Why don't spam blocking lists block only the spammers?
A Frequently-Asked Question

Block list WELISTEM has listed our upstream provider, and the listing includes our IP addresses. We can't speak for our provider, but we are extremely against spam, we have never provided any service of any kind to any spammer and never will, our AUP prescribes a fine the size of the national debt for spamming, we're responsible for jailing 6,174 spammers, we received the 2003 Spork Magazine Anti-Spam Award Of The Year, and most of all, We Hate Spam As Much As The Next Guy. Why doesn't the WELISTEM list restrict its listings to include only the spammers?

There are several reasons why blocking lists might list generous amounts of netspace.

1. Chances are good that your provider has been providing service to one or more spammers, and ignoring complaints about them. Most blocking lists start out by listing a single IP address, only expanding the listing when they are sure that complaints have been received by the provider and that no satisfactory action has been taken to resolve the complaints.

2. History tells us that a provider that will ignore complaints about one spammer will acquire more spammers, and will take no discernible action against the new spammers. Spammers tend to communicate, and they gravitate to the providers they believe will allow them to spam with impunity. Currently unallocated space controlled by such a provider has a better-than-even chance of being allocated to more spammers in the near future. Whatever the providers' reasons may be for knowingly continuing to provide services to spammers, the fact that they do so now indicates that they will continue to do so.

3. Spammers do not want to buy pre-blocked IP addresses. The spammers who will naturally gravitate toward a spam-friendly provider will decline to buy services from the provider whose space is not usable for e-mail. For purposes of stopping spam, this is almost as good as convincing the provider to stop providing spammer support services.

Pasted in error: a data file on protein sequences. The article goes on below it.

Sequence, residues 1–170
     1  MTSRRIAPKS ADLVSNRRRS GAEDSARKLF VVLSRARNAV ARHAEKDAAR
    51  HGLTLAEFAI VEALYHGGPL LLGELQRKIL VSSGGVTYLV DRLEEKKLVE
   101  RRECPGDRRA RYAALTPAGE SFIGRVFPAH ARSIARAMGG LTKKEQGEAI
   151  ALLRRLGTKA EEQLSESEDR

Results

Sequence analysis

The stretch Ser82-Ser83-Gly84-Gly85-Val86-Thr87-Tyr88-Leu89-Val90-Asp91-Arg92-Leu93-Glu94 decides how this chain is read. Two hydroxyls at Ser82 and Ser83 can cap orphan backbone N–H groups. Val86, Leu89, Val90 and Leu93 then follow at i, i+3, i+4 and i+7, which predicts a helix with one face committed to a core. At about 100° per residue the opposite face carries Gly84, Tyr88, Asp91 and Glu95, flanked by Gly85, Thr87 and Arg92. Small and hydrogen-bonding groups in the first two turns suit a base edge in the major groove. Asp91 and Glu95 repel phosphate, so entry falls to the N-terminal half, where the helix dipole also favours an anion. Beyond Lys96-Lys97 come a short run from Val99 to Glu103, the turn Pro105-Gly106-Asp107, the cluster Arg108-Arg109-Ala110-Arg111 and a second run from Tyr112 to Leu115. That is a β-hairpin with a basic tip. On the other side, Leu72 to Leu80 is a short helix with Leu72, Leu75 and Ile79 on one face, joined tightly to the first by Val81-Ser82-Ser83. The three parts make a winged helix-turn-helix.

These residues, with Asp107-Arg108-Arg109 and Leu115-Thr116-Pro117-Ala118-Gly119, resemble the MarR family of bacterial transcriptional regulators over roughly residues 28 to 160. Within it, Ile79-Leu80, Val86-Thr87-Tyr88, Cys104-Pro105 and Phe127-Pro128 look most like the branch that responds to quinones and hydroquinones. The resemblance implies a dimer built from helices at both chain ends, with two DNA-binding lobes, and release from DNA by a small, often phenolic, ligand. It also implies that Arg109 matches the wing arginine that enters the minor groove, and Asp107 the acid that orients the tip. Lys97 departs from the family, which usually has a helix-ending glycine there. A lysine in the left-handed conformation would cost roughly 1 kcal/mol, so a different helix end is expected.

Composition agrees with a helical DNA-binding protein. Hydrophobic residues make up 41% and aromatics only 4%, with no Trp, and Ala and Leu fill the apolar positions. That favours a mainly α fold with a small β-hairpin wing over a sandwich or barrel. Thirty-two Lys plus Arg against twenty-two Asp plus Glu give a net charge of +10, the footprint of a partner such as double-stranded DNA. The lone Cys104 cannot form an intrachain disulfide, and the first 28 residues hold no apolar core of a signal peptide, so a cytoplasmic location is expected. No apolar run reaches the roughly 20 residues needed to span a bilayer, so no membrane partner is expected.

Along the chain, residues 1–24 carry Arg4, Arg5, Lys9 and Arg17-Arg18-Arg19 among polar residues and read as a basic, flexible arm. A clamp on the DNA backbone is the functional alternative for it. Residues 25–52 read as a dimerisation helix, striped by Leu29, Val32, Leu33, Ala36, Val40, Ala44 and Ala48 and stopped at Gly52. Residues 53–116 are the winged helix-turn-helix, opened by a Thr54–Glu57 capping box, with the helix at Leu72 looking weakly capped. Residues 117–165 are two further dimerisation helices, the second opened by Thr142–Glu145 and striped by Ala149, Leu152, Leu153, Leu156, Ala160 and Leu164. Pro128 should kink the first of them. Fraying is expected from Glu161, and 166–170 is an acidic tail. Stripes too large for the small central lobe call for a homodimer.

4. You probably have no contractual right to the particular IP address you are using; few contracts stipulate such a right, while most contracts allow a provider to make changes to your service at their whim. In short, there is nothing keeping them from moving you to a currently listed address space within the netspace they control, and moving a spammer into the currently unlisted address space you occupy now. (If there is something preventing this, the world has no evidence of it.) This would allow the newly-situated spammer at least one unimpeded blast at the world, and leave you listed instead of him. There is at least one well-documented example of this scenario; there are hundreds of examples of spam-friendly providers moving their spammers from address to address to help them elude blocking lists.

5. You may be sharing an IP address with a dozen other virtual-hosted domains. (Perhaps not, but how can anyone else know?) No one has any reason to believe that your provider won't move ten spammers onto the same IP address you use; there is reason to believe your provider may be acquiring more spammers, and there is no reason to believe your provider won't put them onto the IP address your system occupies.